“[I]f we are just going to do class warfare and trying to get tax increases out of this, and I don’t think much will come of it…. He’s in a political class warfare mode and campaign mode.”
So, I guess I’ll put him down as a “maybe” on the Buffett Rule?
By any reasonable measure, Ryan’s arguments aren’t just wrong, they’re borderline offensive.
For a generation, Republican policymakers have rigged national tax policy to reward the wealthy, and then reward them some more. We’ve seen the class gap reach Gilded Era levels, only to hear GOP officials again demand that working families “sacrifice” while lavishing more breaks on the very wealthy.
Remind me, who’s engaged in “class warfare” and “dividing people”?
Also note the larger policy context here. President Obama wants the richest of the rich to pay a little more, but keep tax breaks in place for the middle class. Paul Ryan and his cohorts want the polar opposite — more breaks for the very wealthy and higher taxes for the middle class.
Let’s also not forget that one of the GOP’s more common tax-policy arguments is that nearly half the country doesn’t have any federal income tax burden — and they see that as a problem that needs fixing. As a practical matter, the Republican argument on this is practically the definition of “class warfare.”
I realize much of the political establishment has come to look at Paul Ryan as a wise wonk who deserves to be taken seriously, but it really doesn’t take much to realize how spectacularly wrong the far-right Wisconsinite really is.
By: Steve Benen, Washington Monthly Political Animal, September 19, 2011
CNN Online has publisheda story titled an “angry electorate helps sustain tea party,” ignoring the clear evidence the “movement” is only sustained by thinly-veiled religious zeal and wealthy funders like the Koch brothers.
Perhaps in an effort to avoid accusations of liberal bias, CNN Online parrots Tea Party spin, concluding the article by quoting a GOP strategist who states “The tea party is an organic movement that was largely created by people who were frustrated by Washington. . . There’s not much you can do about something that’s genuine, something that grew organically.” On the contrary, the tea party has been funded since its inception by the billionaire Koch brothers and other wealthy ideologues, and its events and gatherings have been orchestrated by corporate lobbyists.
Koch-funded Christian Right
Studies show that most people who now identify with the Tea Party were already highly partisan Republicans and identified with the religious right before the “movement” began. In the August 2010 New Yorker article lifting the veil on Tea Party funding, conservative economist Bruce Bartlett explained that “the problem for the Kochs has been trying to create a movement,” and that they are “trying to shape and control and channel the populist uprising into their own policies.” Tea Party handlers, then, harness the religious zeal of its members, allege they are motivated by Ayn Rand-inspired economic populism, and run candidates like Michele Bachmann who play down their extreme social conservatism in favor of an economic platform. And news outlets like CNN apparently continue to take the “grassroots movement” at face value.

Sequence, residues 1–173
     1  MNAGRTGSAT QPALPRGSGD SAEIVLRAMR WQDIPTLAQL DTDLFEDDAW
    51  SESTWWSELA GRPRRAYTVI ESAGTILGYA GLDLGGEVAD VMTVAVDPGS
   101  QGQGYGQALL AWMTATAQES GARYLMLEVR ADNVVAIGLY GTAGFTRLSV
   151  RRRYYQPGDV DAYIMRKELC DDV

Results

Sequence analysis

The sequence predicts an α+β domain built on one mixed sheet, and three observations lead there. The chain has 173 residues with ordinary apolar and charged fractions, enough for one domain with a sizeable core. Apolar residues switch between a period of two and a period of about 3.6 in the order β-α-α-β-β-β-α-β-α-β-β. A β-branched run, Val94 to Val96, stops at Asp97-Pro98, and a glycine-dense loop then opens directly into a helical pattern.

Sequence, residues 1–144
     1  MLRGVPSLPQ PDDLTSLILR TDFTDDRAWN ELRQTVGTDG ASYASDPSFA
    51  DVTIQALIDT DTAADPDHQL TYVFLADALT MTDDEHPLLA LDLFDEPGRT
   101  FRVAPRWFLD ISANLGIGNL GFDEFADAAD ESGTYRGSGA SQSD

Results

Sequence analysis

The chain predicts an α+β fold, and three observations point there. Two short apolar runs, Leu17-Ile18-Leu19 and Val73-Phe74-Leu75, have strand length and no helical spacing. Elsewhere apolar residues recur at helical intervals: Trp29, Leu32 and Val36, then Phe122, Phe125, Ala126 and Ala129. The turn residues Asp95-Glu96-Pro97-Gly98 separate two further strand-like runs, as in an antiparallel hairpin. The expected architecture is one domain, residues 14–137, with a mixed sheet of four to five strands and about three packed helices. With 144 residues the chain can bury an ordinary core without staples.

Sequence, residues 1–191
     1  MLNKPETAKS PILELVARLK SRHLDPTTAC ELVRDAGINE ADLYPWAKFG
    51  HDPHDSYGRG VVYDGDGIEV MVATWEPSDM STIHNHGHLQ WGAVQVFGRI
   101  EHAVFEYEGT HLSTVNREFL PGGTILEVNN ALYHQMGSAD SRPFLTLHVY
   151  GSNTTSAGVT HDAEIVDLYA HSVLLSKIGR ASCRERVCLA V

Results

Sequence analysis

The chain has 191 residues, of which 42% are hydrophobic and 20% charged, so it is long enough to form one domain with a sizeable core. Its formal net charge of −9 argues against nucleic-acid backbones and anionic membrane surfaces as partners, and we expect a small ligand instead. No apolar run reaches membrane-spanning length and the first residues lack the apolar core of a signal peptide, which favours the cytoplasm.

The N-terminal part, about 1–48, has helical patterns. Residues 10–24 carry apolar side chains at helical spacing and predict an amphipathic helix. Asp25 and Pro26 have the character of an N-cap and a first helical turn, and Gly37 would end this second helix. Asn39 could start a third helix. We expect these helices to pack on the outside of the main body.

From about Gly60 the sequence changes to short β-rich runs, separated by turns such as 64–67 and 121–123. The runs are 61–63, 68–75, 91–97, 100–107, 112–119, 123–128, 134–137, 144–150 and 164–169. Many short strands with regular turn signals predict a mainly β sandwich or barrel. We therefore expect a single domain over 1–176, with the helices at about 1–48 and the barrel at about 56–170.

Clearly Partisan Agenda
Matt Kibbe, longtime Republican operative and president of tea party group FreedomWorks, told CNN “we’re not a protest movement anymore; we’ve morphed into something else. We’re a get-out-the-vote machine. We’re organizing at the community level.”
Recently released recordings from the Koch brothers’ donor retreat in June, though, demonstrate that Tea Party events have always been aimed at electing Republicans. As Think Progress notes, Koch Industries executive and lobbyist Kevin Gentry described being “on the road” in 2010 for the Koch-funded “Americans for Prosperity’s last minute kind of get out the vote tours,” which he said was “a Tea Party AFP event designed to help in the Congressional races.” The specific “get out the vote” event Gentry referenced was in Congressman Paul Ryan‘s district.
CNN is co-sponsoring a GOP presidential debate with the Tea Party Express tonight.
By: Brendan Fischer, Center for Media and Democracy, September 12, 2011